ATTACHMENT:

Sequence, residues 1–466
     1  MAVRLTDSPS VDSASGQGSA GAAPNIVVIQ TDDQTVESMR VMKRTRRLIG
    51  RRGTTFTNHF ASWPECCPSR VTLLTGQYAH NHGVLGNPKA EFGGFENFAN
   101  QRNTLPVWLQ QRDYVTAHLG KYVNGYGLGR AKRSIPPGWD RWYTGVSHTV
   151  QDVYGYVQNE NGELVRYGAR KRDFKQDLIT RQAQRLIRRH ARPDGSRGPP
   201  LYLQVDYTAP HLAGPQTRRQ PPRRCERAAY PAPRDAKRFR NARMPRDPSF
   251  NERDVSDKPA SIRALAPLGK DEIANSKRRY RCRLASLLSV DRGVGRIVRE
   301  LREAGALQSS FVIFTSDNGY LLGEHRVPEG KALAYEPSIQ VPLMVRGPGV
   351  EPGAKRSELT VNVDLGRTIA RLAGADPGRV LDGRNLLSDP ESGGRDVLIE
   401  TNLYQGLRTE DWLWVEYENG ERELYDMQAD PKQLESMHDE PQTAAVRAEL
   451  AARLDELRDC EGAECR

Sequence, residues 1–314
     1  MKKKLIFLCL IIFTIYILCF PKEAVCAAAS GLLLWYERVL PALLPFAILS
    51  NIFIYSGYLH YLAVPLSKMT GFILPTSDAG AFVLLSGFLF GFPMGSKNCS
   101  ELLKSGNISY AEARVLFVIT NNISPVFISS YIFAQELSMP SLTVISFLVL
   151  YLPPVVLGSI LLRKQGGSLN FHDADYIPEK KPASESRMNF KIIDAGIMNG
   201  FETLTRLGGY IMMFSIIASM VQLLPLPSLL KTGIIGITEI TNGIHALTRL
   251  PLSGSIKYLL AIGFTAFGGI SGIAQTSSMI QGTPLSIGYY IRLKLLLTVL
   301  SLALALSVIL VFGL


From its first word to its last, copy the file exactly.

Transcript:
Sequence, residues 1–466
     1  MAVRLTDSPS VDSASGQGSA GAAPNIVVIQ TDDQTVESMR VMKRTRRLIG
    51  RRGTTFTNHF ASWPECCPSR VTLLTGQYAH NHGVLGNPKA EFGGFENFAN
   101  QRNTLPVWLQ QRDYVTAHLG KYVNGYGLGR AKRSIPPGWD RWYTGVSHTV
   151  QDVYGYVQNE NGELVRYGAR KRDFKQDLIT RQAQRLIRRH ARPDGSRGPP
   201  LYLQVDYTAP HLAGPQTRRQ PPRRCERAAY PAPRDAKRFR NARMPRDPSF
   251  NERDVSDKPA SIRALAPLGK DEIANSKRRY RCRLASLLSV DRGVGRIVRE
   301  LREAGALQSS FVIFTSDNGY LLGEHRVPEG KALAYEPSIQ VPLMVRGPGV
   351  EPGAKRSELT VNVDLGRTIA RLAGADPGRV LDGRNLLSDP ESGGRDVLIE
   401  TNLYQGLRTE DWLWVEYENG ERELYDMQAD PKQLESMHDE PQTAAVRAEL
   451  AARLDELRDC EGAECR

Sequence, residues 1–314
     1  MKKKLIFLCL IIFTIYILCF PKEAVCAAAS GLLLWYERVL PALLPFAILS
    51  NIFIYSGYLH YLAVPLSKMT GFILPTSDAG AFVLLSGFLF GFPMGSKNCS
   101  ELLKSGNISY AEARVLFVIT NNISPVFISS YIFAQELSMP SLTVISFLVL
   151  YLPPVVLGSI LLRKQGGSLN FHDADYIPEK KPASESRMNF KIIDAGIMNG
   201  FETLTRLGGY IMMFSIIASM VQLLPLPSLL KTGIIGITEI TNGIHALTRL
   251  PLSGSIKYLL AIGFTAFGGI SGIAQTSSMI QGTPLSIGYY IRLKLLLTVL
   301  SLALALSVIL VFGL